If you’re uninterested in the lore side of things, perhaps you’ll be interested in the various class and ability changes dug out from the latest build. Or maybe you’re just looking forward to War Mode, which gives you access to all of your PvP talents and a 15% experience boost in exchange for putting a metaphorical target over your head. You decide which of the above matters most to you, of course; perhaps the answer is “all of it.”
Source: Wowhead (1
Blizzard is not messing around with DDOS attacks. The BBC has a piece out on a World of Warcraft player from Romania, Calin Mateias, who was apparently extradited to California, charged with conducting a denial of service attack on WoW’s servers back in 2010. He pleaded guilty to “causing damage to a protected computer,” will sit for a year in prison, and was fined around $30,000 to boot. The saddest part is that he was DDOSing servers to get back at guildies over raid loot and participation.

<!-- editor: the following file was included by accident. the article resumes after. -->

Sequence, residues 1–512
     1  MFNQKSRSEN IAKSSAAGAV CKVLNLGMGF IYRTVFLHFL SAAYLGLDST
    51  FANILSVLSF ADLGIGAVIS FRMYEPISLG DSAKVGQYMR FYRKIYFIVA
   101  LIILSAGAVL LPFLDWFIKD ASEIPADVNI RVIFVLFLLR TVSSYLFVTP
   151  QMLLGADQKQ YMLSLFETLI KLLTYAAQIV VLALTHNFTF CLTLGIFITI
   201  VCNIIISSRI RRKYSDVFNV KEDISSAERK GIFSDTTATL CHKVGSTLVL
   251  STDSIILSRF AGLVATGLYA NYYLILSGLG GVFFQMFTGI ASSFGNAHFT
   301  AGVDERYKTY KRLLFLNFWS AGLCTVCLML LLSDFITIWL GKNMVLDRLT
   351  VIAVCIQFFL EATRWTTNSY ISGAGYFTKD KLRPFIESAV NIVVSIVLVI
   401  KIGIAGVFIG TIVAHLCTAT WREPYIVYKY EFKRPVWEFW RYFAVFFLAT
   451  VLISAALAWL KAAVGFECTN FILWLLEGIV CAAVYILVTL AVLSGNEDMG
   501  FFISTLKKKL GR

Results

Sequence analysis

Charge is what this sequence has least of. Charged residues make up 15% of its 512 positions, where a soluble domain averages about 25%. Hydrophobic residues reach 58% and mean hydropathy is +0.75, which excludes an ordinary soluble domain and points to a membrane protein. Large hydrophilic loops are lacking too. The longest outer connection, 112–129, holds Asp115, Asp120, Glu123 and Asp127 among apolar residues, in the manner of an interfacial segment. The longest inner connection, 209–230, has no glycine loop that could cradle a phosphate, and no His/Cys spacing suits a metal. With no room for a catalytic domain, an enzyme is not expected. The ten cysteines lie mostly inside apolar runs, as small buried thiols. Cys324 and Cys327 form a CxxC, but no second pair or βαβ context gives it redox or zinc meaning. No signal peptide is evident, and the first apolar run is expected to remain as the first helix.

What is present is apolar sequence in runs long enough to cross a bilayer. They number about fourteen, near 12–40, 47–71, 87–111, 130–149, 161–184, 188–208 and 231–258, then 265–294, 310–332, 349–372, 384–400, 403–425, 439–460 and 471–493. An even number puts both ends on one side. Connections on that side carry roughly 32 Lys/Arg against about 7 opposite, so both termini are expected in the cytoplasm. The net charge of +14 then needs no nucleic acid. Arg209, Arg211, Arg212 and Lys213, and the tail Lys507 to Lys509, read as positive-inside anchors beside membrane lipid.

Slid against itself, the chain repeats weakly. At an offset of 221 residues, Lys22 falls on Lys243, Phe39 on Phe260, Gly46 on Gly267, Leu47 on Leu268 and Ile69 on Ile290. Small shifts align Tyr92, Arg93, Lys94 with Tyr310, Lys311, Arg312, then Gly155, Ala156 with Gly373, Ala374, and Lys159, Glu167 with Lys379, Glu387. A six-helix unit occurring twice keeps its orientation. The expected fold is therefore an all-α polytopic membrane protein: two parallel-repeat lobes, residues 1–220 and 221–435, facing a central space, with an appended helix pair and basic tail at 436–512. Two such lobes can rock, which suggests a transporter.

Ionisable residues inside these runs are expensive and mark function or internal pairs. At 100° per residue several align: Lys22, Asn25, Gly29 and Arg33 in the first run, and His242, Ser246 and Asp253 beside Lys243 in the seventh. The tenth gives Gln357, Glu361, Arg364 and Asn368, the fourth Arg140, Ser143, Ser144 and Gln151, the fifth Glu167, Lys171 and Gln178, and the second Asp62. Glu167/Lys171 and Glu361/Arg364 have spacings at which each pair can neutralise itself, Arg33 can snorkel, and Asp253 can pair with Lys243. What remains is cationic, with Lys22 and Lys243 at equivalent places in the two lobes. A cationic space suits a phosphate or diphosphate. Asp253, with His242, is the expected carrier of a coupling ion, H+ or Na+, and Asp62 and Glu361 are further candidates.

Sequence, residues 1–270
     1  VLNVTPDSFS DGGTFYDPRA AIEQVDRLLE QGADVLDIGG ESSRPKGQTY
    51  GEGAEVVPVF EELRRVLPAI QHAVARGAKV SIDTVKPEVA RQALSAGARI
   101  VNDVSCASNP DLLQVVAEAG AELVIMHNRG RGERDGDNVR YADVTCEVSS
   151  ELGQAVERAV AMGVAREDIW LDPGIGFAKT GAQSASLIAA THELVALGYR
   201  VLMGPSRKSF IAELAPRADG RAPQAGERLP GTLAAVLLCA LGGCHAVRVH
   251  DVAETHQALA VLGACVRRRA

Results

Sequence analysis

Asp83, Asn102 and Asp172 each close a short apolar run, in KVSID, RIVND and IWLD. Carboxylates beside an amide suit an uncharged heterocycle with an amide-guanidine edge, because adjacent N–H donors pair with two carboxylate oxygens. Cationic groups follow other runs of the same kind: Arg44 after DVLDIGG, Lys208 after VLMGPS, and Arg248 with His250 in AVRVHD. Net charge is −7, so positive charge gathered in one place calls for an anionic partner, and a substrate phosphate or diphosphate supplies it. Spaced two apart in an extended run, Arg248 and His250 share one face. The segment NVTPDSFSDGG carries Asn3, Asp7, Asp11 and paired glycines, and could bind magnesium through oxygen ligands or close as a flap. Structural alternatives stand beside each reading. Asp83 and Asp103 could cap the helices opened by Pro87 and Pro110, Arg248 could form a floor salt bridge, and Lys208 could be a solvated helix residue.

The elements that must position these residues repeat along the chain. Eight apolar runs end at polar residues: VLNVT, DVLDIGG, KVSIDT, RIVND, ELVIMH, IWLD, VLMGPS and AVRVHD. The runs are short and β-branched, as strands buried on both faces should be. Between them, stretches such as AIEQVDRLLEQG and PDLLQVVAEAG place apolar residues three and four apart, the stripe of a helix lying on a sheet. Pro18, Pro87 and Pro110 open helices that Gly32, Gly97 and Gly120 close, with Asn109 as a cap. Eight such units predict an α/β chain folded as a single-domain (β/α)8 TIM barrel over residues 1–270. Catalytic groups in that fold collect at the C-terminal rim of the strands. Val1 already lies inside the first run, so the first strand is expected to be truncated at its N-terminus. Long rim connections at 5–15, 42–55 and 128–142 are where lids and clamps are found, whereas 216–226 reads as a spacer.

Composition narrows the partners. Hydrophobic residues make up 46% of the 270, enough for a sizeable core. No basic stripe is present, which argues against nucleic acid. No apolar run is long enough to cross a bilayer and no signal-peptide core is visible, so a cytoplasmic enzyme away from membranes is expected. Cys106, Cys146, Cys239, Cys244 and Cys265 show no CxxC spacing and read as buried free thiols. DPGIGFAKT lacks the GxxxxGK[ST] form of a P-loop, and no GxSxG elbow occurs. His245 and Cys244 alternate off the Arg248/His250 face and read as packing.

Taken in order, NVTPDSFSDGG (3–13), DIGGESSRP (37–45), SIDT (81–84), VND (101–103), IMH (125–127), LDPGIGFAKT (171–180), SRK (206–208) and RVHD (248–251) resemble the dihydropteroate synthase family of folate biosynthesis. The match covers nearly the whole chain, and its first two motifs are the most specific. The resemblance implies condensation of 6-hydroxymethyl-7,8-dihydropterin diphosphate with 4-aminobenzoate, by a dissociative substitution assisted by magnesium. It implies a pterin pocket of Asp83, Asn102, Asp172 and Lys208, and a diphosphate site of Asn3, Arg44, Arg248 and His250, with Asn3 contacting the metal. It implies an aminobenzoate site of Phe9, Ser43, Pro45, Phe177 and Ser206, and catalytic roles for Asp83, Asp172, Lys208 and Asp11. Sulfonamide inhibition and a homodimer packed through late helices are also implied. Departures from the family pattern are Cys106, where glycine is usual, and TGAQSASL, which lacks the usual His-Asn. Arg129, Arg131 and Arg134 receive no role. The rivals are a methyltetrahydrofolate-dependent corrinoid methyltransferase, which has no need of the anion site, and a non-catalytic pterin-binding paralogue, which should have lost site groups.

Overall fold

In other WoW news, production director John Hight spoke to PCGamesN about the march toward Battle for Azeroth; he not only teases the story arc but philosophizes about the on-again, off-again war between the factions.
“We thought it would be appropriate and very interesting to say that the biggest threat now in Azeroth is each other. Can we, without that uniting threat of the Burning Legion, come together – or are we going to battle each other? And as you can see in Battle for Azeroth, we’re going to fight it out.”
Reporting on Activision-Blizzard’s endless piles of money is about as much fun as reporting on how fifty-bajillion-zillion people are playing fork knife. No, I said that wrong; it’s about as much fun as taking a fork and a knife to my own eyeballs. But hey, it’s tradition, so here goes: Bobby Kotick and the gang have announced new records, measured in said piles of money; the company acknowledges it was a quarter “without large content releases” that nevertheless produced enough piles of money to surpass its own guidance, leading it to raise its outlook for more piles of money for the year.